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Travel News South Africa

#AfricaMonth: Jane Nshuti, transforming African foodways with plant-based cuisine

This Africa Month, we connect with Jane Nshuti, the founder of Tamu by Jane and a passionate plant-based African food educator. More than just a chef, Jane's mission extends far beyond the kitchen. Her delicious recipes and engaging food philosophy intertwine to educate on food security, community, and the rich tapestry of African cuisine.
Jane Nshuti, Founder, Tamu by Jane
Jane Nshuti, Founder, Tamu by Jane

Self-taught and driven by a desire to nourish "tummies, souls and minds," Jane's journey has led her to create Tamu by Jane, a haven for those seeking healthier, plant-based meals. From easy-to-order vegan Sunday lunches delivered straight to your door to captivating culinary demonstrations, Jane is a true advocate for a more vibrant and conscious approach to food.

As Jane gears up to showcase her talents at the upcoming Good Life Show in Cape Town from 31 May to 2 June at the Cape Town International Convention Centre (CTICC), we chat with her about her passion for African foodways and the impact she's making.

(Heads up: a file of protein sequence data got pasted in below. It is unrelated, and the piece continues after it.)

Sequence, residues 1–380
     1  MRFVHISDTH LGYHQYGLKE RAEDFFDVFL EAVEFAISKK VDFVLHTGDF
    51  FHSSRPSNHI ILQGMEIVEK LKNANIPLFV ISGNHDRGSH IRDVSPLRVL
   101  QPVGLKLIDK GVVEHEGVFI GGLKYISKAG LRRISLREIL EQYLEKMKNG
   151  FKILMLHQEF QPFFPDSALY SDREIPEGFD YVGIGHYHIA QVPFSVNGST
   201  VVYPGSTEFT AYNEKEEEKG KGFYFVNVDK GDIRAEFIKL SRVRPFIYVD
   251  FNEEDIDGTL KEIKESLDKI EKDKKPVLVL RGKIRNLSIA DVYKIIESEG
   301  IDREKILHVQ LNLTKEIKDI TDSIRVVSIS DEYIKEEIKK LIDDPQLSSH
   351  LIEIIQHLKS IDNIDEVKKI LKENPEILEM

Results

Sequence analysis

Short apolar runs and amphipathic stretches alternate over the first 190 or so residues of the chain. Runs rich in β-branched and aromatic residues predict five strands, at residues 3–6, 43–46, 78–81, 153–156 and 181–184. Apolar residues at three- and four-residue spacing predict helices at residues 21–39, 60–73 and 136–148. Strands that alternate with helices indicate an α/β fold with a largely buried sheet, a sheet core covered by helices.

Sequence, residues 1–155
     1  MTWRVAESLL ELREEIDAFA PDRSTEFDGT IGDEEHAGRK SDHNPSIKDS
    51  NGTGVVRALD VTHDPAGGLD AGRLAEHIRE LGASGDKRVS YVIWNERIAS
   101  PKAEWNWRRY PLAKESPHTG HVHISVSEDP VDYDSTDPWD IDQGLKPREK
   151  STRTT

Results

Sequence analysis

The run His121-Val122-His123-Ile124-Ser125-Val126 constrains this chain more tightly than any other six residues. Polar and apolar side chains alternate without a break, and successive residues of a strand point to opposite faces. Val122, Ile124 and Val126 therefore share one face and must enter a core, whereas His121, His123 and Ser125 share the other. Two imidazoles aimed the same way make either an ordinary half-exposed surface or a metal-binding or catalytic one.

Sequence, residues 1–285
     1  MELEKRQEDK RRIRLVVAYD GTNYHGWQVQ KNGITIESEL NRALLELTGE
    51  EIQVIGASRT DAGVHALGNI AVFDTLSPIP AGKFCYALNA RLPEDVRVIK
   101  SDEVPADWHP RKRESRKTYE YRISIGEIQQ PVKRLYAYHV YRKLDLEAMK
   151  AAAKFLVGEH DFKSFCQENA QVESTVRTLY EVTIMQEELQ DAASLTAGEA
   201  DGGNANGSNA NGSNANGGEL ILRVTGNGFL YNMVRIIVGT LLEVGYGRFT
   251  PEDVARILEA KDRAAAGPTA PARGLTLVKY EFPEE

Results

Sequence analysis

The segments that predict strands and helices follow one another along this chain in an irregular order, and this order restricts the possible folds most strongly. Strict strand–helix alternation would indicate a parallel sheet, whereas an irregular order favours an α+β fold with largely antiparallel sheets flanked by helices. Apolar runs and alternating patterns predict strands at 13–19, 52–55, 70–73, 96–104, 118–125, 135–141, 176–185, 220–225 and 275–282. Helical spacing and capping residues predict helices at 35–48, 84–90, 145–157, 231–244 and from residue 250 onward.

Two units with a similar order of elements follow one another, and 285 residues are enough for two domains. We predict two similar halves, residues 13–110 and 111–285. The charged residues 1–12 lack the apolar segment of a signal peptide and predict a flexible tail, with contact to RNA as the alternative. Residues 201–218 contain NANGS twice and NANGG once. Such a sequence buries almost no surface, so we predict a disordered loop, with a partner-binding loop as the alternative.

Africa Month is a time to celebrate the continent and its rich heritage. How does food play a role in shaping African identity?

Africa is one of the largest continents in the world, with diverse cultures and people, and the richness of African food reflects this diversity. From East to West, North to South, African food is delectable and worth exploring.

Young Africans are reclaiming their heritage and decolonising aspects introduced during the colonial era, including reevaluating African cuisine. There's a global surge in interest in authentic African ingredients and foods, driven by their health benefits. This curiosity signifies a rising appreciation for African food's richness and nutritional value.

African foods play a significant role in cultural preservation. As African cuisine becomes more accessible globally, it offers a chance to explore its diverse cultures and fosters pride in heritage among Africans worldwide, encouraging them to express their identity through food and introduce new flavours to the world.

Can you tell us a bit about yourself and your journey into becoming a plant-based African food educator?

I was born in Rwanda in 1985 into a typical family with a mother, father, and siblings. I had a happy and fortunate childhood until the age of nine when tragedy struck.